Betraying Great Britain

A bombshell comes out of Wikileaks.  The Obama administration turned over secrets about England’s nuclear arsenal to the Russians:

Information about every Trident missile the US supplies to Britain will be given to Russia as part of an arms control deal signed by President Barack Obama next week.

Defence analysts claim the agreement risks undermining Britain’s policy of refusing to confirm the exact size of its nuclear arsenal.

The fact that the Americans used British nuclear secrets as a bargaining chip also sheds new light on the so-called “special relationship”, which is shown often to be a one-sided affair by US diplomatic communications obtained by the WikiLeaks website. . . .

A series of classified messages sent to Washington by US negotiators show how information on Britain’s nuclear capability was crucial to securing Russia’s support for the “New START” deal.

Although the treaty was not supposed to have any impact on Britain, the leaked cables show that Russia used the talks to demand more information about the UK’s Trident missiles, which are manufactured and maintained in the US.

Washington lobbied London in 2009 for permission to supply Moscow with detailed data about the performance of UK missiles. The UK refused, but the US agreed to hand over the serial numbers of Trident missiles it transfers to Britain.

via WikiLeaks cables: US agrees to tell Russia Britain’s nuclear secrets – Telegraph.

One might say, but these are our missiles we are giving to the Brits.  No, when we give them to the Brits, they belong to them.  And, at any rate, if our allies don’t want the Russians knowing something and have directly refused our request for permission to disclose it, sheer respect for the other nation would mean we should act accordingly.  How can this be anything but betrayal?

This is only the most serious example of a long list of diplomatic disrespect of Great Britain ever since the Obama administration took office.  Why are we doing such things to  our closest and strongest ally?

The views on Egypt

So neoconservatives are supporting the uprising in Egypt as evidence of the universal yearning for democratic values.  Pro-Israel conservatives, though, are hoping Mubarak holds on to power, since a democratic government might turn against Israel and support jihadi terrorists.  Paleo-conservatives are thinking the revolution doesn’t concern us one way or the other.  Most mainstream Republicans are supporting the President, in the name of that once-honored principle of politics stopping at the border and the need to show a united front in international affairs.

And the President is. . . .let’s see.  It’s hard to tell.  He’s supporting the protesters in their desire for freedom, but he is not saying Mubarak must go.  That may be the best course for now, since events really are out of our control.  But it’s hard to see the philosophy behind the policy.

Do Democrats and liberals in general have a foreign policy policy that shapes their position on what is going on in Egypt?  I could find the different conservative takes–confirming what I have often say about how conservatives, far from being a monolithic faction, actually have more ideological diversity in their ranks than liberals do.  But I can’t find a distinct liberal position on this.  Can any liberals in the audience help me?  Or is there the same ambivalence and range of positions that the conservatives have?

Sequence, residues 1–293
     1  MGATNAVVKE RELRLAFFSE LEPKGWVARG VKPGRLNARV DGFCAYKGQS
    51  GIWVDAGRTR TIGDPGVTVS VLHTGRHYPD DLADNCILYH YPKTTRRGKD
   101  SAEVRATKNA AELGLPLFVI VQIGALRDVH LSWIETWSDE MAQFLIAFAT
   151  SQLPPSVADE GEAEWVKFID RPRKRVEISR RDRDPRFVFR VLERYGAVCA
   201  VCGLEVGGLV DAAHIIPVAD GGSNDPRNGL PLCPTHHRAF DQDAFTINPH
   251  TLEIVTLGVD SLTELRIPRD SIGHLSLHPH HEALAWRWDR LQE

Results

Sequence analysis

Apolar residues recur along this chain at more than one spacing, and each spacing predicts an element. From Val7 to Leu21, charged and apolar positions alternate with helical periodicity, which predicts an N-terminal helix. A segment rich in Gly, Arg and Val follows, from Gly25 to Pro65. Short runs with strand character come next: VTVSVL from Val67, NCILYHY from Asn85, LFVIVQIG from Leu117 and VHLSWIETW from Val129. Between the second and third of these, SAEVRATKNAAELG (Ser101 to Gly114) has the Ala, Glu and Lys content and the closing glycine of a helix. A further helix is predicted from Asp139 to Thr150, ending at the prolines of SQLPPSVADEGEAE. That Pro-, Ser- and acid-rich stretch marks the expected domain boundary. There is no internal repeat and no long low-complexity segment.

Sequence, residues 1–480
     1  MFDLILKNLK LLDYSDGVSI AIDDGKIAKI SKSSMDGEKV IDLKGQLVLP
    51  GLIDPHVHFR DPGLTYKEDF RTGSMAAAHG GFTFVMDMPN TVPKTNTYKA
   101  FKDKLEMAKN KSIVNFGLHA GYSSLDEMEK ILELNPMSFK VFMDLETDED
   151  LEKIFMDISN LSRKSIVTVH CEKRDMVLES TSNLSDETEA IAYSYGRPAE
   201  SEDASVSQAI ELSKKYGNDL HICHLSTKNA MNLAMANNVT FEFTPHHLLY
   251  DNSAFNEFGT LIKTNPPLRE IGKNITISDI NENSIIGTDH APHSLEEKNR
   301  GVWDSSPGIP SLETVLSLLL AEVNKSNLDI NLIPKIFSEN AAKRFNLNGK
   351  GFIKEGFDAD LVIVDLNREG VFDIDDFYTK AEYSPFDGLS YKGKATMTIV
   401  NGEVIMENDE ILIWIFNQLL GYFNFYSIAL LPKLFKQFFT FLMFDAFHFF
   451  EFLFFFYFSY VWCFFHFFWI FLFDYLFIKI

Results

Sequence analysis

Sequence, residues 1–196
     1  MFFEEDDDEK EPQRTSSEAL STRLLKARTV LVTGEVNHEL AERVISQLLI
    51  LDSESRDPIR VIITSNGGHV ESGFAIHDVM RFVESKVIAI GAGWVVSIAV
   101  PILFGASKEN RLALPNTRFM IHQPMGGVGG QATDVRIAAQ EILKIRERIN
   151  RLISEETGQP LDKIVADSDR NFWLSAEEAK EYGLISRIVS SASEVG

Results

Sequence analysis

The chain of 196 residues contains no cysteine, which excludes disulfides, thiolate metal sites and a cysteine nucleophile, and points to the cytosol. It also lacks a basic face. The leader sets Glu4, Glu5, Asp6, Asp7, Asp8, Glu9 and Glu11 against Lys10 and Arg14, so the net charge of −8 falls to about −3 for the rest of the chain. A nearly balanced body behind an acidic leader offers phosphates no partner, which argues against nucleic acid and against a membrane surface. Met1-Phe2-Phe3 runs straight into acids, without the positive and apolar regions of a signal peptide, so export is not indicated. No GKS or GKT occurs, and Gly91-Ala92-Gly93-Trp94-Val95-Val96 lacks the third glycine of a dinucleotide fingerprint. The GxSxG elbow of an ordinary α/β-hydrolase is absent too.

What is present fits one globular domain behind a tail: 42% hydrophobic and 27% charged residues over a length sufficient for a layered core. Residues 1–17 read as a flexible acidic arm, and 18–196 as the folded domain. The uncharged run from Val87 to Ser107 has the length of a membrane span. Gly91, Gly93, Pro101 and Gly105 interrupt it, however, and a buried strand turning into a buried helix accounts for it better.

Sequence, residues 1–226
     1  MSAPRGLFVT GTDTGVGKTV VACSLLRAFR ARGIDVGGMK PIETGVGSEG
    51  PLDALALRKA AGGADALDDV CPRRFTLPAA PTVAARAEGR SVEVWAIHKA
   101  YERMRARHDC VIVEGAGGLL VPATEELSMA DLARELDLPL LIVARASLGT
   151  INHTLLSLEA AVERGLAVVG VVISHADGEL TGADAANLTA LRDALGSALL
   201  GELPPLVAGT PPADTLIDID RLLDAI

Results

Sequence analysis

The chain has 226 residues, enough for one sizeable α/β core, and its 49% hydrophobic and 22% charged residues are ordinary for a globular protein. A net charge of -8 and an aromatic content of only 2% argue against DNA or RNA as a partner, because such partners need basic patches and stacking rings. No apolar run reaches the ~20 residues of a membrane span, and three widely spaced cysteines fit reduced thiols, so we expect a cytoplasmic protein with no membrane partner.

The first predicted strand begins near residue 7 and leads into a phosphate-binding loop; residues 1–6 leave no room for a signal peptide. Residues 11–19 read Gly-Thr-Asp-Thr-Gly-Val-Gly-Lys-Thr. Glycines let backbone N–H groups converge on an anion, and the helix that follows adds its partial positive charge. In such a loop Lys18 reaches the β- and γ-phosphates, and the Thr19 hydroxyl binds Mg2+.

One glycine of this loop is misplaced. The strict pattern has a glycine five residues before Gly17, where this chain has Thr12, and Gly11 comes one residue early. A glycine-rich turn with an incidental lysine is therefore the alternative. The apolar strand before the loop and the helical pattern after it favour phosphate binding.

In backing change in Egypt, U.S. neoconservatives split with Israeli allies.

A new nation

After years of civil war and genocide, in which the Arab Muslims of the north brutalized the African Christians of the south, a new nation has been born.  In accord with an armistice agreement, the people of southern Sudan voted for secession.  With 99.57% of the vote.

The new country, South Sudan, is set for sovereignty within six months.  It will be one of the poorest nations on earth.  And yet it sits atop vast amounts of oil.  By terms of the agreement, the oil wealth has to be shared with the north, but it needs to be developed first.

This is a country that’s worth pulling for.  And praying for.

It’s official: South Sudan set to secede with a 99.57 percent vote – CSMonitor.com.

Arab revolutions

Just like what happened in the Communist states, popular uprisings have overthrown the autocratic government in Tunisia. Now the similarly autocratic government in Egypt is facing mass demonstrations. It’s also happening in Yemen. The government in Lebanon has also fallen.

We’re glad about that, right? We believe in freedom and democracy and oppose oppressive regimes.

And yet the United States has supported some of the Arab authoritarian regimes because they keep the radical jihadists under their thumb. Some are worried that democracy in the Arab world would mean putting the jihadists in power.

The Tunisian revolutionaries seem to be on the secular, even Westernized side. In Lebanon, though, Hezbollah, the radical Shi’ite terrorists, are taking power. Egypt’s Mubarak has been our guy, despite his dictatorial ways, and radical Islam is waiting in the wings should he be overthrown.